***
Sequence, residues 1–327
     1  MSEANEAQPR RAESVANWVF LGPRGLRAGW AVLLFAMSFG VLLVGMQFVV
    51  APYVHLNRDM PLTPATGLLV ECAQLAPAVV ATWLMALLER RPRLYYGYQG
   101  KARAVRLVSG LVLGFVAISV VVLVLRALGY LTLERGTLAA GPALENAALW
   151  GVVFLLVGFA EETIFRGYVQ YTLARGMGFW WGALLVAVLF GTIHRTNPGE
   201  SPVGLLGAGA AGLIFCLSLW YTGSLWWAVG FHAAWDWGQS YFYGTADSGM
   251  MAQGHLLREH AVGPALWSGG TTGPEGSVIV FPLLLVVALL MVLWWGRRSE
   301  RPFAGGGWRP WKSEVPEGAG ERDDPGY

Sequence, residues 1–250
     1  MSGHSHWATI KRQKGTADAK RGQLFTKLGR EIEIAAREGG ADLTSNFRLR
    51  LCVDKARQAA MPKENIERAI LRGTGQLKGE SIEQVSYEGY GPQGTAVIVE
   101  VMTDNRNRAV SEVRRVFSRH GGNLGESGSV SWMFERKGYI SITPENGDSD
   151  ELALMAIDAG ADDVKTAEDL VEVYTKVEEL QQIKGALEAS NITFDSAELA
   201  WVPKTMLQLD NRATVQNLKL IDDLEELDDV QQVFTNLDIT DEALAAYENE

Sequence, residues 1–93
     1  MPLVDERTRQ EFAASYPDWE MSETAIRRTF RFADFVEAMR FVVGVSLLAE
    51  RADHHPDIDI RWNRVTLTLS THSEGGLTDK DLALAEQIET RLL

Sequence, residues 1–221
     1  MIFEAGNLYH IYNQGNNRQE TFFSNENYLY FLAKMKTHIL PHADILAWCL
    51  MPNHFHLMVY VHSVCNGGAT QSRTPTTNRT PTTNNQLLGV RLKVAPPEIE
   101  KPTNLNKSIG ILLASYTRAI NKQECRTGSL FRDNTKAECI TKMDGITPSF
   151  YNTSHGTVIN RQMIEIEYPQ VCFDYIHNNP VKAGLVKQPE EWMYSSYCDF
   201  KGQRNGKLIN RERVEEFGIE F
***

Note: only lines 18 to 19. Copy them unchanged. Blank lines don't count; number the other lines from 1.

Sequence, residues 1–221
     1  MIFEAGNLYH IYNQGNNRQE TFFSNENYLY FLAKMKTHIL PHADILAWCL